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How to Start a Small Fabric & Sewing Accessories Store

Starting any small business is a challenge and a gamble. To open a fabric and sewing accessories shop requires a definite knowledge of the product lines. You also need to honestly assess the economic viability of your shop for the geographic area in which you wish to locate.

Things You'll Need:

  • Money
  • Suppliers
  • Place To Conduct Business
  • Employees
  • Business Plan

Organize your business plan. Be very specific about finances and inventory planning if you need to work with a bank to acquire financing. Using personal assets will give you more freedom of planning in the early stages, but will put your personal financial well-being at risk.

Set a budget and stay with it. Take into account costs for inventory, place of business, utilities, insurance, pay for employees, any loan payments, advertising and initial set-up costs for shelving and store fixtures. Have a good idea of where you want to go with your business and how you want to get there. Try to plan for four to five years with set goals for each year as far as earnings and costs are concerned. If you don't have a good understanding of business finances find a reliable accountant and add them to the roster of employees required.

Decide on the store inventory. Set a certain amount aside for use in acquiring inventory, and do not deviate. Be familiar with the real cost of goods by contacting suppliers and talking with other shop owners in the same field. Know the needs of your potential customers and buy with the intention of turning over your inventory at least every year.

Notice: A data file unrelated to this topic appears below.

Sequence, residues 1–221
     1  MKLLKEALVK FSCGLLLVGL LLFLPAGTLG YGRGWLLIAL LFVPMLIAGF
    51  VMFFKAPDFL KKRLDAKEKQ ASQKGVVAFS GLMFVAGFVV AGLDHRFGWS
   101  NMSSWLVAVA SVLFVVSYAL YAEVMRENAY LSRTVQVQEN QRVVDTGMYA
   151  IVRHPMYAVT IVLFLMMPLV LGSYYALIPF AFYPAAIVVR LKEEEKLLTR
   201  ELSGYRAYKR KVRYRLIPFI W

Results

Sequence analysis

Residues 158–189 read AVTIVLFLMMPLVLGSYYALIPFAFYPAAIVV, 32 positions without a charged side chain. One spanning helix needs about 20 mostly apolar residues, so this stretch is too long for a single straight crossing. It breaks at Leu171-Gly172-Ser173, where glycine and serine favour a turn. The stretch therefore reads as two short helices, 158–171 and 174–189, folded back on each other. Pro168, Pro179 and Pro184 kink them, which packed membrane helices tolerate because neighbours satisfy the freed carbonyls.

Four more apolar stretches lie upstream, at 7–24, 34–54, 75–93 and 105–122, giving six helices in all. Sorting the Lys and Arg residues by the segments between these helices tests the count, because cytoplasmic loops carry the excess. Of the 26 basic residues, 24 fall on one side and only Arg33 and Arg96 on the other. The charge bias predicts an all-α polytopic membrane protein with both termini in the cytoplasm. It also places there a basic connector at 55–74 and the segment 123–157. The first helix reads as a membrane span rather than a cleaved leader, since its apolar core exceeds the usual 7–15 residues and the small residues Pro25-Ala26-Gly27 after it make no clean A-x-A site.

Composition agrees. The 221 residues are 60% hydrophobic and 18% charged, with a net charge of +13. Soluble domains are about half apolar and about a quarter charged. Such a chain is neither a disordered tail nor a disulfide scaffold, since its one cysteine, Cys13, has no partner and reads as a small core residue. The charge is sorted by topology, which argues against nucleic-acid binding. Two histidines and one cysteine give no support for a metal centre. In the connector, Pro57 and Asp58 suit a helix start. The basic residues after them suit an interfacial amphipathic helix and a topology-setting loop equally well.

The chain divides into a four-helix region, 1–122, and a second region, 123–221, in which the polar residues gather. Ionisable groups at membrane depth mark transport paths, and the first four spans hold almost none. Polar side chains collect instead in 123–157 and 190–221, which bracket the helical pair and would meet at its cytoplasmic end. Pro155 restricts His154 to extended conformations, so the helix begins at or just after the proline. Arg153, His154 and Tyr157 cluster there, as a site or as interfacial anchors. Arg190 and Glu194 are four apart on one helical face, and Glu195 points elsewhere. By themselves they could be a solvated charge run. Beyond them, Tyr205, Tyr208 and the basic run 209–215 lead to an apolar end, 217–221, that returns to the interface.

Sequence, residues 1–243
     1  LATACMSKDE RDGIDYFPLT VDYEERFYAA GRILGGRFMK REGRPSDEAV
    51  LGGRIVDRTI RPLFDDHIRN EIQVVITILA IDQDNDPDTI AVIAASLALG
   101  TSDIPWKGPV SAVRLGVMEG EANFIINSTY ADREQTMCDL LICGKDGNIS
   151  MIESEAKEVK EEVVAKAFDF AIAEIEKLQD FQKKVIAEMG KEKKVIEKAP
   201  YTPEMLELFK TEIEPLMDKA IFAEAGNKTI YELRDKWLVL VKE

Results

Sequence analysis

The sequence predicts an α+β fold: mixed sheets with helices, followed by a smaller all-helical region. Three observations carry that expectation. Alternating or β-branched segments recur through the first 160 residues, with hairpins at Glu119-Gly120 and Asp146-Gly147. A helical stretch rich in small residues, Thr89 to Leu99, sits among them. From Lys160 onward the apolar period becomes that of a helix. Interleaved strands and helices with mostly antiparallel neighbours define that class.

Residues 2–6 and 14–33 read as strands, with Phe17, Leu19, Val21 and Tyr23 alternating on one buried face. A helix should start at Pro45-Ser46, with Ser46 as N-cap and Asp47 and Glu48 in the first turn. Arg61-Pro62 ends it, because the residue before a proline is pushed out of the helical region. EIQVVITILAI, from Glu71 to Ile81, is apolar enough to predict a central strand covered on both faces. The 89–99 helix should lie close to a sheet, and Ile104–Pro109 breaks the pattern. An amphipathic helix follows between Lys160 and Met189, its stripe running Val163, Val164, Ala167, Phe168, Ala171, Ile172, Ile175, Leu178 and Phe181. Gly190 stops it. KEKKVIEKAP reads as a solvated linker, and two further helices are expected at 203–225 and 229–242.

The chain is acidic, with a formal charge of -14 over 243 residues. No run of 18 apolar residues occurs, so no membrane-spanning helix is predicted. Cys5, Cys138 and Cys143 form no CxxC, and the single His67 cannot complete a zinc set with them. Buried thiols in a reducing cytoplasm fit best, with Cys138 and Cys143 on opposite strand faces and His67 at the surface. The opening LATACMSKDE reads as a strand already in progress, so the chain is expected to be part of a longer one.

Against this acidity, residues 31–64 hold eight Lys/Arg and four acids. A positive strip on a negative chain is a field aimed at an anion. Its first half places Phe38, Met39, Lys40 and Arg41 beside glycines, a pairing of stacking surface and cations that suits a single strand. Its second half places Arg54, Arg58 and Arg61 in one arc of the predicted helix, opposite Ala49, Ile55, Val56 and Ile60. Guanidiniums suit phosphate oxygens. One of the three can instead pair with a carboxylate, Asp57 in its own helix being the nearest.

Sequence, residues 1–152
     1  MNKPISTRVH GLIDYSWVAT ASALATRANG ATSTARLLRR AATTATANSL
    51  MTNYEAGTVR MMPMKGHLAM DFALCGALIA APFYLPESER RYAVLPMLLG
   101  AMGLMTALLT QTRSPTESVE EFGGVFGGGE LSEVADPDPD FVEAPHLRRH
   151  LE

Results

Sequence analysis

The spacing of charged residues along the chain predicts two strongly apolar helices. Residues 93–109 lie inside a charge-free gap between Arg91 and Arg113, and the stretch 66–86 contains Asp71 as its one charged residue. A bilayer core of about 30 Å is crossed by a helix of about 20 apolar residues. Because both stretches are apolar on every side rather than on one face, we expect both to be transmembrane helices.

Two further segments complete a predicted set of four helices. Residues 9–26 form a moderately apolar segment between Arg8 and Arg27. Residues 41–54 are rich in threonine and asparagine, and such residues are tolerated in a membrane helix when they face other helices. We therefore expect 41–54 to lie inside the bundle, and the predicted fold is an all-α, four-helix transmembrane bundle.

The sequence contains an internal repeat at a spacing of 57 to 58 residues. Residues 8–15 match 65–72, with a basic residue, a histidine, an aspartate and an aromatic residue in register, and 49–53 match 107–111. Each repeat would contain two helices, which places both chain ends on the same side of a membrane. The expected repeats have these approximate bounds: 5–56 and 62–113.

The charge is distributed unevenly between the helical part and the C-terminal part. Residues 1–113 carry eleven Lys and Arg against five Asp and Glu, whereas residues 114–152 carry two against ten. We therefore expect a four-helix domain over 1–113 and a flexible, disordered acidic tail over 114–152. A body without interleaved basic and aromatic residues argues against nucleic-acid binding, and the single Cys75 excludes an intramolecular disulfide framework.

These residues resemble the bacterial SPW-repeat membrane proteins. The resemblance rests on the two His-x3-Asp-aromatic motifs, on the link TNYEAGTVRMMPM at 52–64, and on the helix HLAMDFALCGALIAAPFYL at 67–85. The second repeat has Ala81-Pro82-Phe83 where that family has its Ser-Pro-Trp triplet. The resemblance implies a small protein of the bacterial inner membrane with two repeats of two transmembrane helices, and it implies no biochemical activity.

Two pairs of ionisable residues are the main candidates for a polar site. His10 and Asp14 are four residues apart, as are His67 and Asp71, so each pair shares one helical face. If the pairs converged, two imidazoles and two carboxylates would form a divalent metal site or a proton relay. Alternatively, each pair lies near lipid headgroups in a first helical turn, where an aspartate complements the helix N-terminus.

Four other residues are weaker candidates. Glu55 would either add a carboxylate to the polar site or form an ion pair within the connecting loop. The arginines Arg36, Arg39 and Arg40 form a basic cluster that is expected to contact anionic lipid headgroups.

Be aware of any new stock becoming available and determine whether it would be an asset to your shop from the beginning or should wait until you are established and stable. It is easy to make additions, but not so easy to make up for a poor decision on inventory. Money tied up in inventory is not money in the bank.

Open your business bank account and acquire a credit card for the business. Do not use the credit card for purchasing inventory, but for traveling expenses if you go to trade shows or start vending at textile shows.

Find a place to conduct business. Be aware of the amount of floor space available, how the traffic flows around the building, what type of access is available to you, delivery personnel, and your potential customers. Find out rent, utilities costs for the proposed site and insurance costs. Your insurance must cover not only your inventory and potential injury to yourself or employees but also any harm which may come to customers while they are on the premises.

Begin ordering with suppliers. This is a big commitment, because they will require a large sum of money from you prior to making any deliveries. Secure your chosen place of business and prepare the building. Place shelving and displays so that they are visible and show the products well. Take care when placing these items so that you will have a good flow pattern for your customers to move through. Position your check-out area and register in a place where the entire store will be visible. Position any security devices that have been determined to be necessary.

Stock your shelves and display areas with product. Contact advertisers to announce your store and to give the hours of business to the public. Hire your employees, although many small businesses are a sole proprietorship and are completely run by the owner for the first few years.


Have making money as your main goal, but maintain a high standard of customer service. Dress as a professional. If you dress well, people will take you seriously and know that you take your business seriously. Stick to your business plan even if things begin well.


  • Most fabric shops take up to five years before they turn a profit. Expect to lose money for at least the first two to three years and prepare your financing to accommodate this. Pay your bills on time.
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